Windows Server 2003 Backup to NAS

pr0gr4mm3r's picture

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I setup a Windows 2003 Server I manage to backup to a network attached storage (NAS) device, but the Small Business Server Backup utility is failing. The NAS is on the network located at \\dlink-xxxxx\backup. There is a user name & password, but I have it saved in explorer, and can access it w/o a problem.

The backup fails because "the specified media cannot be found." I can map a drive letter to the device, but I can't use a mapped network drive because Windows is (fill in the blank).

What is the best way to backup a Windows server to a NAS device?

Greg K's picture

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in the SBS Backup software, does it have a place to save the username/password for NAS?

In other backup software I have used, the backup does not technically run as the user you are logged in as (which is how it can run when you are not actually logged in at all), so even though you are logged in and can access the NAS, the process that back's up cant.

This may help in tracking down the issue.

-Greg

pr0gr4mm3r's picture

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I removed the password - we shall see how it runs tonight.

It's funny...the server recommends that I make it a member of the domain and give full write privileges to the administrator account, I would if I could.

Just had an idea: What if I create an "administrator" account on the NAS and have it as the same password as the domain's administrator account? I will try that tomorrow night if I have success tonight.

Thanks for the help! Smiling

pr0gr4mm3r's picture

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Removing the password fixed the problem. Smiling :) Smiling

That raises another problem, though. I can't have the entire server backup on a device with no password - anybody can plug in or hack the wireless and get all the data. I will create an account with the same user/password as the server and see if that works.

teammatt3's picture

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Have you thought of setting up a domain controller? You can add the nodes to the domain, and all the connected devices can communicate without a username and password. Someone who cracks the wireless key (or plugs in) won't have access to the domain, so they wouldn't have access to those shared areas (unless they can crack your domain password too).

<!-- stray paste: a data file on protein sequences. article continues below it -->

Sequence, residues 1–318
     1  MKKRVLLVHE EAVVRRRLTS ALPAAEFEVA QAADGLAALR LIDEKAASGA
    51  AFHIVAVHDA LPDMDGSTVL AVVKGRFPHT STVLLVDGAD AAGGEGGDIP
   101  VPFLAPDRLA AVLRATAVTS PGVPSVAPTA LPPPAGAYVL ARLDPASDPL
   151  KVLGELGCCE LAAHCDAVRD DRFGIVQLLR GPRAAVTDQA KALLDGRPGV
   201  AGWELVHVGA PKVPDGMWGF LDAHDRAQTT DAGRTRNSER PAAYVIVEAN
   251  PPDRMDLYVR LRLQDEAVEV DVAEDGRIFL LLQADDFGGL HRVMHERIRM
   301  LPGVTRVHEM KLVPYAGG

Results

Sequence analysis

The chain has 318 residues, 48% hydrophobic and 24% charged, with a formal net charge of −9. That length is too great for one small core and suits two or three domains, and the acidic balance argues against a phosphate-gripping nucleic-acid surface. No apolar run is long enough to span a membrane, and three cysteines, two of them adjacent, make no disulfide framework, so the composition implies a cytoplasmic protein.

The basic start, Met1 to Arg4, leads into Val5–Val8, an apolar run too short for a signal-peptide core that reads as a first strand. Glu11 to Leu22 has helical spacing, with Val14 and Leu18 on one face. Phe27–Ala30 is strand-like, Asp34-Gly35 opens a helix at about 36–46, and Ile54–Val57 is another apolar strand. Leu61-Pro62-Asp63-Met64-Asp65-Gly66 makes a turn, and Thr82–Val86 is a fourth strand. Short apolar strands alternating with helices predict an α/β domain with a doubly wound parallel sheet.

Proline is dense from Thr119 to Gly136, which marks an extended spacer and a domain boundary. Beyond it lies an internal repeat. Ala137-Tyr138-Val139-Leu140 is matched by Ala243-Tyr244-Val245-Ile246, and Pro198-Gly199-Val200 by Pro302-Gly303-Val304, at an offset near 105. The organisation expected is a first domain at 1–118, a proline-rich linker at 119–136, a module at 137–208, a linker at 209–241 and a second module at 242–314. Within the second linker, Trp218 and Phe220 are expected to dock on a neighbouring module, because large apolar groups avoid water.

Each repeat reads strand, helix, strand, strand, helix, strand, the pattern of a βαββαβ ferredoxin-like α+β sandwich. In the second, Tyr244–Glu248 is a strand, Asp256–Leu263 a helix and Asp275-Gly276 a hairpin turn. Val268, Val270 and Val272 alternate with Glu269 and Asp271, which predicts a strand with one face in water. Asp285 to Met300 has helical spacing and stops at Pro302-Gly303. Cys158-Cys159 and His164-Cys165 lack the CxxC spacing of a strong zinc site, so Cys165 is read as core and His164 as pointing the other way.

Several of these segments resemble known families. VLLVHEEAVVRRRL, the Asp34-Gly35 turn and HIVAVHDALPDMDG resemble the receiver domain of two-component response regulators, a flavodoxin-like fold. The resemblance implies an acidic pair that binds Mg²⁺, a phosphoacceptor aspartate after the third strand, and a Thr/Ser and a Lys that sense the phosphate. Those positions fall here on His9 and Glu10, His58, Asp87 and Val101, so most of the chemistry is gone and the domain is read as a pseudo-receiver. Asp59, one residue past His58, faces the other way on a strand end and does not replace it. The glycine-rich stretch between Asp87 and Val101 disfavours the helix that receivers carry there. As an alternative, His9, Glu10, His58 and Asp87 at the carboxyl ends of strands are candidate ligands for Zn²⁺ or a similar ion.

Probably more work than it's worth Smiling

pr0gr4mm3r's picture

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This place already does use a domain controller. All the server resources, printers, files, etc., are under the domain control permissions. The only problem is the NAS doesn't have the capability to be a domain client (as far as I know).

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I got the same problem so I tried removing the password and it worked.

pr0gr4mm3r's picture

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So there wasn't a problem with leaving your backups unprotected?

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You could use ShadowProtect (http://www.storagecraft.co.uk) to do this, and automatically encrypt the disk image. Plus, it will give you a backup of the WHOLE server that you can use to restore onto any type of hardware if the unthinkable happens (this has saved our bacon on more than one occasion).

Cheers,
Awfers

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Joined: Sep 2009

Your problem is not so technical and can be easily solved. just check out the [url=http://www.idecogateway.com/] Linux firewall[/url]. it will solve all your problem.

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Joined: Oct 2009

Before you back up Windows Server 2003 to NAS perhaps you should know first the disadvantages if you do it :

  • Only one restore point per backup
  • Slower transfer speed
  • Bare metal restore requires network driver
  • Many NAS devices Linux based, don’t support NTFS and can have slow processors

Hope it help {links removed}

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This place is no longer using a domain controller. All resources of the servers, printers, files, etc, are under the control of domain permissions. The only problem is the NAS does not have the ability to be a domain client as far as I know.

They have: 4 posts

Joined: Jul 2011

This place is no longer using a domain controller. All server resources, printers, files, etc., are controlled by domain permissions. The only problem is that the NAS does not have the ability to be a domain client

They have: 1 posts

Joined: Dec 2011

we've been using todo backup server to regularly backup server for a long time. it offers full, incremental, and differential backup.
we usually set up a daily backup schedule, and save three versions of the images, which means that the software automatically delete the old images.
we are small business users, and cannot afford some backup software costing 1k dollar.
so we found todo backup suits us very well.
and i googled an article of easus about backup NAS, hope it can help.

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